It would be interesting to assemble the Congress delegates who voted in February against introducing a clock/hooter system as the means of ending games and take them through the closing minutes of last Sunday's Galway-Mayo game in Pearse Stadium.
They would have seen how, of the four minutes and 35 seconds allowed by referee Pádraig Hughes (Armagh), the ball was in play for only 63 seconds. They would have noted that 67 seconds were lost for an injury to Aidan O'Shea and a further 90 seconds gobbled up by the incident after Lee Keegan held onto the ball when Galway were awarded a free.
There were other shorter stoppages too, leaving just over a minute when the ball was actually in play. A minimum of four minutes' stoppage-time was announced but the referee allowed a mere 35 seconds beyond that, despite the lengthy breaks.
It's unlikely that Galway would have rescued the situation, even if the extra minutes were played, but that's not the point. If four minutes of stoppage time is called, then it should be played - even if it means a two- or three-minute extension, arising from more breaks in play.
Of course, shrinking stoppage-time is nothing new. I mentioned it here a few weeks ago, pointing out how little extra was added at the end of the Clare-Limerick hurling clash, where the difference was a single point.
In fact, too little stoppage time is played in the vast majority of games. Introducing the clock/hooter system should not be necessary to sort it out but, amid the continued reluctance of referees to play more time, it is a clear option.
GAA Congress twice voted for the introduction of the clock/hooter, only to have Central Council reject it once on the basis of cost, before moving in to effectively kill it off altogether last February, just a few months before it was due to be launched.
Central Council made a strong case as to why it would not work properly, citing experiences from trials in third-level games. Influenced by that, Congress, the so-called ruling body, turned on itself, voting to overturn a decision that it had twice taken previously. They even stuffed themselves by a resounding 83-17 per cent majority. Truly laughable.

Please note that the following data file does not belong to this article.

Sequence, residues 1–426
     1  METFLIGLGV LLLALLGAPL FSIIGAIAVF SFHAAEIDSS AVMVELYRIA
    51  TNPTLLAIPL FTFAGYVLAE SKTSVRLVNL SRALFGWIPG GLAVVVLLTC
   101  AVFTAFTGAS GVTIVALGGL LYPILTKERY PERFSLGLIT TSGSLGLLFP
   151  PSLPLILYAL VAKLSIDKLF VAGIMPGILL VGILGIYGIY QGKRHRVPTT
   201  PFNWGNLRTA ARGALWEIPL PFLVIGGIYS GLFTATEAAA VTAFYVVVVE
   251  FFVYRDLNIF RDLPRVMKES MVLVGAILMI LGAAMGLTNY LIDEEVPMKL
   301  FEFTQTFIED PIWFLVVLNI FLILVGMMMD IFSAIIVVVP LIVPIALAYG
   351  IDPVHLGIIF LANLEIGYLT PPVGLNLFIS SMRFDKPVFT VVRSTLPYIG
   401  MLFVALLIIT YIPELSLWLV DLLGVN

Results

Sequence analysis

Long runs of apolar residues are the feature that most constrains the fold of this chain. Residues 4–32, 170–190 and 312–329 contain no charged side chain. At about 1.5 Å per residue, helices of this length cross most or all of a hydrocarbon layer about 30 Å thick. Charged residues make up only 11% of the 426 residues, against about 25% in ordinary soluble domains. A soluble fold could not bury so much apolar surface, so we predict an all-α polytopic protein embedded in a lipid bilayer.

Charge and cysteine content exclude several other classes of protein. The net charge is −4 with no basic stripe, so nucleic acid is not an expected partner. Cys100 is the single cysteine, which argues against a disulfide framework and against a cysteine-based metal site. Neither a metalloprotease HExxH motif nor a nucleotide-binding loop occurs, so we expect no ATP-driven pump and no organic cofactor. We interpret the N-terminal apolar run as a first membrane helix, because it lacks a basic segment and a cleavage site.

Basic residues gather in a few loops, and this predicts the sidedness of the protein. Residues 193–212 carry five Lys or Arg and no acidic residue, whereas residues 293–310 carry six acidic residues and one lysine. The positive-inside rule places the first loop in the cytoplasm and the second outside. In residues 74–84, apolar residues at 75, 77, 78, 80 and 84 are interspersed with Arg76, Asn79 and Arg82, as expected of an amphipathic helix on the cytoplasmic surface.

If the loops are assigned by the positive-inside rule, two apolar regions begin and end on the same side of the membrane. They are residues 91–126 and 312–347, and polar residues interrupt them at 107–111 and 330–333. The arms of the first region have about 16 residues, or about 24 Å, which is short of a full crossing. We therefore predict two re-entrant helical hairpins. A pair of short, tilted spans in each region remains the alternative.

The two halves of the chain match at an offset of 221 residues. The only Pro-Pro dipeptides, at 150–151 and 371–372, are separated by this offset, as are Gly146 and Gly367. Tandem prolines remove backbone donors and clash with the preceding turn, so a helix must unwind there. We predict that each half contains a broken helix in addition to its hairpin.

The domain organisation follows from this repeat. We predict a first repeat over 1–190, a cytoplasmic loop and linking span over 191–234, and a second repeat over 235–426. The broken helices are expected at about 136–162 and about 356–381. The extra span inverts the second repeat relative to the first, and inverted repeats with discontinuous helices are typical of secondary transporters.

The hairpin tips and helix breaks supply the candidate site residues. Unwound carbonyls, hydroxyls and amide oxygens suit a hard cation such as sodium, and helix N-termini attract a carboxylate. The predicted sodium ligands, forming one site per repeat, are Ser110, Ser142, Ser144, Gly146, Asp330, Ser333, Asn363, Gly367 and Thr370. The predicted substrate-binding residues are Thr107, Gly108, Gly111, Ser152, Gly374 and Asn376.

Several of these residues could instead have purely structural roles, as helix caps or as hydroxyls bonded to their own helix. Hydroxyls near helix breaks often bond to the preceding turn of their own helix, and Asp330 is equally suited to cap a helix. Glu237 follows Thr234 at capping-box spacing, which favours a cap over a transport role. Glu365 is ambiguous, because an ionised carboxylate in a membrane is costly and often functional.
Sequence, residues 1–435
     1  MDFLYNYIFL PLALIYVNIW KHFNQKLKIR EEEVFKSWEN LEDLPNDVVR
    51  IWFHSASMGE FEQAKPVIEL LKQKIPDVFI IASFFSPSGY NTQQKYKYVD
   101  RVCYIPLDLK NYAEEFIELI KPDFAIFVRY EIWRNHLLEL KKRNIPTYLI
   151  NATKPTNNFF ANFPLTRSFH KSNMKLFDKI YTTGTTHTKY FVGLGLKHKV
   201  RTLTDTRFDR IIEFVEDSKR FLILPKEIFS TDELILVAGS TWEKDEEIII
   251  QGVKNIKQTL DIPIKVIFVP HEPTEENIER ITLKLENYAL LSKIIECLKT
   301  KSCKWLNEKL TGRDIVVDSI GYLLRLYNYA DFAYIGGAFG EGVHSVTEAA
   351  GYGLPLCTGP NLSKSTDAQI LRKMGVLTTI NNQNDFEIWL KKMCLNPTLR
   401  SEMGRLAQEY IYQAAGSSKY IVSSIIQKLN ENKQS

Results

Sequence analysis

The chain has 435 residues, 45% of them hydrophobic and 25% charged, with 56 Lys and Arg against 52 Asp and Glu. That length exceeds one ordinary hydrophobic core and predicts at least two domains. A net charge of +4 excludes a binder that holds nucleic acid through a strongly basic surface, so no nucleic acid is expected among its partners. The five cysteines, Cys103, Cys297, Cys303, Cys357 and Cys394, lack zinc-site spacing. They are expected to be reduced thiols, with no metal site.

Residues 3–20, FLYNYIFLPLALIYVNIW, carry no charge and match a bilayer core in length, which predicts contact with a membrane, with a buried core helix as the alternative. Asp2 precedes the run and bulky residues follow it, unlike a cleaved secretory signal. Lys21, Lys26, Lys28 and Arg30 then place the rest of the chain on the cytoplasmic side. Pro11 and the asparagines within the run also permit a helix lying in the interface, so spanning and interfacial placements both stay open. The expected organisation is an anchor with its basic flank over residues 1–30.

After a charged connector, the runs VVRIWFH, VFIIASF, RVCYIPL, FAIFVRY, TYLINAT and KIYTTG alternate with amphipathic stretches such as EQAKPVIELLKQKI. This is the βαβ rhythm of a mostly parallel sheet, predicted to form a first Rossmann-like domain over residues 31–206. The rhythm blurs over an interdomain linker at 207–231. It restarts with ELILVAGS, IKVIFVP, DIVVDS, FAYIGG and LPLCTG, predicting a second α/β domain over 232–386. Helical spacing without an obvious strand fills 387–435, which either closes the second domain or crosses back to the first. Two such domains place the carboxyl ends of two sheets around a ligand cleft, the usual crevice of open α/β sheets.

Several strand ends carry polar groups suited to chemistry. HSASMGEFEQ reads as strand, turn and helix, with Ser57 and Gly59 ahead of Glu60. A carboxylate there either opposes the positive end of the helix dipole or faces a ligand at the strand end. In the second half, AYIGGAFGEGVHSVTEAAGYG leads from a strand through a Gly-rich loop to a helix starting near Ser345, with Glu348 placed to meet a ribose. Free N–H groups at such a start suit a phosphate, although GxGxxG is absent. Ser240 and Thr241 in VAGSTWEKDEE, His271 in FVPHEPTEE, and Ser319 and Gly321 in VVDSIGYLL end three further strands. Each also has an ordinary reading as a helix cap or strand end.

Central Council armed itself with no fewer than six reasons why the clock/hooter was risky. Fear of human error, fouling down the clock, retaining possession with endless handpassing in the closing minutes, over-analysis of time lost through stoppages, deliberate concession of a line-ball to end a game and worries over systems failure were listed as potential gremlins.
Human error: And we don't have that with the current system?
Fouling down the clock: Wasn't that what Mayo tried last Sunday, firstly when conceding a free on the halfway line followed by Keegan's attempt to hold on to the ball? And there wasn't a clock/hooter in sight!
Keep- ball: As if that isn't happening anyway.
Over-analysis of stoppages: The anomalies under the current system invite even more scrutiny.
Kicking the ball over the sideline to end a game: So what? If it's over, it's over.
Systems failure: Easily solved by having the referee run his own stop watch. He would, after all, be responsible for ordering the stop/re-start of the clock/hooter, so it would be quite easy to combine the two processes.
The clock/hooter plan emerged from concerns over many years that too little stoppage time was added at the end of games. It works in ladies football and was also backed by the Football Review Committee (FRC), whose survey found that 80 per cent of the public wanted it introduced to football and hurling.
So, it wasn't as if the idea were a random idea which somehow found its way on to the agenda. Instead, it was a well thought-out response to an obvious problem. Yet, when Central Council and Congress went cold on the idea, they behaved as if rejecting it brought a solution.
Clearly, that's not the case. And if anyone doubts it, take a look back at the closing minutes of Galway v Mayo.
Of course, a clock/hooter wasn't necessary for added minutes to be played, but since most referees don't play enough stoppage time, why should Pádraig Hughes be any different?
Ireland rightly prides itself on its sporting ecumenism, with a large percentage of people interested in a wide range of events.
That includes the GAA and horse racing communities, where there's a sizeable overlap. Indeed, county boards and clubs regularly use race meetings as fundraisers, including Kilkenny, who hold an annual hurlers' outing at Gowran Park.
Next Sunday, Kilkenny play Wexford in the Leinster semi-final in Nowlan Park, with a 2.0 throw-in while racing in Gowran starts at 2.15.
Surely, consultation between Horse Racing Ireland and the Leinster Council to avoid a clash would have been a good idea.